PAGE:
Sunday, October 16, 2011

October 16- For I Know The Plans I Have For You

October 16, 2011

Scripture Reading:
Jeremiah 28:1-29:32; 1 Timothy 1:1-20;
Psalm 86:1-17; Proverbs 25:17

For I know the plans I have for you, says the Lord. They are plans for good 
and not for disaster, to give you a future and a hope." 
~Jeremiah 29:11

Jeremiah 28:1-29:32

Do you ever wonder what in the world the future holds for you?  I remember when I graduated from college the economy was bad.  Jobs were scarce.  I got a job offer from ABC television in Dallas, Texas for a management training position, but the details of the contract were oppressive.  I did not feel that the Lord was leading me to take that job.  There were many question marks in my life.  I wanted answers from God on what direction I should take.  What was God's will for me? Looking back, I see that life is a journey of faith.  As we trust God, the details unfold before us.  Today, Jeremiah has the privilege of unfolding the details of God's will for the people of Judah.  His prophecies include comforting words from our detail-oriented God.

Before the comforting words, Jeremiah has uncomfortable words for a man named Hannaniah.  Hannaniah is a false prophet who was well respected in Jerusalem.  Both he and Jeremiah are left in Jerusalem when the majority of the people have been exiled to Babylon.  Hannaniah prophesies that the people will return from Babylon in just two years.  Hannaniah boldly takes the wooden yoke that Jeremiah was told by God to wear and he breaks it in two.  God tells Jeremiah to go to Hannaniah and say that he has broken a wooden yoke, but that the Lord is going to put an iron yoke on him, the yoke of death.  Hannaniah dies within two months.

After this incident, Jeremiah is compelled by God to write a letter to the exiles in Babylon, which include King Jehoiachin, the queen mother, the court officials, and the leaders of Judah. It also includes the craftsmen and skilled artisans. The letter encourages the Jews to settle in the land of Babylon.  They were to work, marry, and have children.  God even commands that they pray for Babylon and the cities in which they live. God warns them not to listen to false prophets and mediums. The truth is that they will live in the land for seventy years. God promises to bring them home again after that time. There is a look into the far distant future when Israel will seek God and find Him.  This is a reference to Christ's millennial reign. Here is where God promises that He knows the plans He has for His people.  They are plans for good and not for evil. Ultimately, they are plans to prosper those who love Him. God intends to gather the Jews from the many nations, where they are scattered, and bring them back to the Promised Land.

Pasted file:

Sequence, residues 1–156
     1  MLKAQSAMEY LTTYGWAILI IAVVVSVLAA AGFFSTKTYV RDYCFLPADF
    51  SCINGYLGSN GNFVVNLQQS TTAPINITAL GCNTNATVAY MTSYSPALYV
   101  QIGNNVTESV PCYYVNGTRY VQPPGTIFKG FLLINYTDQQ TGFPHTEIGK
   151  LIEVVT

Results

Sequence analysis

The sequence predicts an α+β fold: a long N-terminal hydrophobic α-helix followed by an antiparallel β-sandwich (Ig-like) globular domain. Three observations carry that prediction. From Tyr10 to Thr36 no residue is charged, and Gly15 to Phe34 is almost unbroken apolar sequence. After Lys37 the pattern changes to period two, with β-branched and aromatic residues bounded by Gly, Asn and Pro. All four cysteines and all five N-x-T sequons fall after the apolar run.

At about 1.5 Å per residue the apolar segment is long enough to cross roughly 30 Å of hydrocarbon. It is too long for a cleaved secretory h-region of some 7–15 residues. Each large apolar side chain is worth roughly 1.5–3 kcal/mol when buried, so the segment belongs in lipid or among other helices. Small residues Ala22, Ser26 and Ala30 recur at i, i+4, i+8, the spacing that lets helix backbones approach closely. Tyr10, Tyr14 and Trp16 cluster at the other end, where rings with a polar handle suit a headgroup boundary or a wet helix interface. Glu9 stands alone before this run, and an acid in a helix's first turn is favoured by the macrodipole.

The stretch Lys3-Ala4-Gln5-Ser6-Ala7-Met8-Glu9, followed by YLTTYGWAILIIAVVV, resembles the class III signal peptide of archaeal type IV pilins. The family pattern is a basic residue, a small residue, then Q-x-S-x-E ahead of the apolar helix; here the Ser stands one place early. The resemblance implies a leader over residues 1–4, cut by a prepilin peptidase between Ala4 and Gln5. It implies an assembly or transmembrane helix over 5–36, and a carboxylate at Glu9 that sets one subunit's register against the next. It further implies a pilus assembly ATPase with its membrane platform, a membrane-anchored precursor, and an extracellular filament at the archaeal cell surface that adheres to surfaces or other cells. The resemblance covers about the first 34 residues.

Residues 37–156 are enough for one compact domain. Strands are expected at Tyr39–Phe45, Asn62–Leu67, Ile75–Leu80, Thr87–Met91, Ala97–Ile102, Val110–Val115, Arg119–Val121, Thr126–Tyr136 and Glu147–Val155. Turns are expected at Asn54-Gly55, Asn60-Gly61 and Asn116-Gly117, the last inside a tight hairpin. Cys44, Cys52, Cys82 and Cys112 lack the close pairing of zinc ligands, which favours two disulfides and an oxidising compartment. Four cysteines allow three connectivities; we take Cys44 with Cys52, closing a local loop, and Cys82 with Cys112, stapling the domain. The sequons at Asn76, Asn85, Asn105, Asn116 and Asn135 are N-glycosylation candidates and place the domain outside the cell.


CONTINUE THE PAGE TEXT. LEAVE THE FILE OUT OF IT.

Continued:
Now we have a prophecy about the mistreatment of Jews that we have seen in modern times, including the Holocaust.  In Jeremiah 25:18 it says,
"Yes, I will pursue them with war, famine, and disease, and I will scatter them around the world. In every nation where I send them, I will make them an object of damnation, horror, contempt, and mockery." 
This is also part of God's providential plan for Israel.  Sometimes, God's ways are hard to comprehend.  Jeremiah's prophesies are designed to show us that God is in control of His Story.  Can you accept this?

1 Timothy 1:1-20

Today, Paul asserts his apostleship in a letter to Timothy, his spiritual son.  As a matter of fact, Paul explains that he is an apostle by the command of Jesus.  This is a strong statement and confirms that Paul is the twelfth apostle upon whom the foundations of the Church are built.  This is appropriate because the next three epistles we will read are written by Paul and concern how one is to pastor the Church.  1 and 2 Timothy and the book of Titus are the pastoral letters of Paul.

We see that Paul has left Timothy at the church established in Ephesus.  In the early church, Christians did not build independent buildings for their churches.  They met in homes or in public buildings. Paul is encouraging Timothy to deal with the wrong doctrine that is cropping up in the assembly. Paul emphasizes that teaching should encourage people to be filled with love that develops from a pure heart, clear conscience, and sincere faith. 

There has always been a tendency for people to argue over points of doctrine and miss the larger goal of developing love for one another. Knit picking about points of the Law are not useful for instruction in faith.  Paul explains that the Law is really designed to convict the lawless.  It is to point us towards our need to be saved.

Paul uses himself as an example of a hopeless sinner who hunted down and harmed Christians.  By God's mercy, Paul was saved out of this ignorance and unbelief. Jesus came to save sinners of which he was the chief. Jesus is the eternal King and unseen God in the flesh.

Timothy will have to fight battles as a pastor. He must cling to his faith in Christ in order to do this. It is also important to have a clear conscience about his behavior.  Otherwise faith can be shipwrecked.  Apparently, two men named Hymenaeus and Alexander are examples of men whose behavior shipwrecked their faith and their public testimonies.

Do you have a similar testimony to Paul?  Has God saved you from a life of sin?

Psalm 86:1-17

This is a prayer for God to act in the psalmist's life.  Go back and circle the actions that this person is requesting of God. This person wants to know the plans that God has for them!

Proverbs 25:17

Good advice.  Don't visit your neighbors too often.  You will wear out your welcome!

What did you notice as you read today?  Did certain verses jump out at you?


Jubilee Gal
Kathy Fullerton

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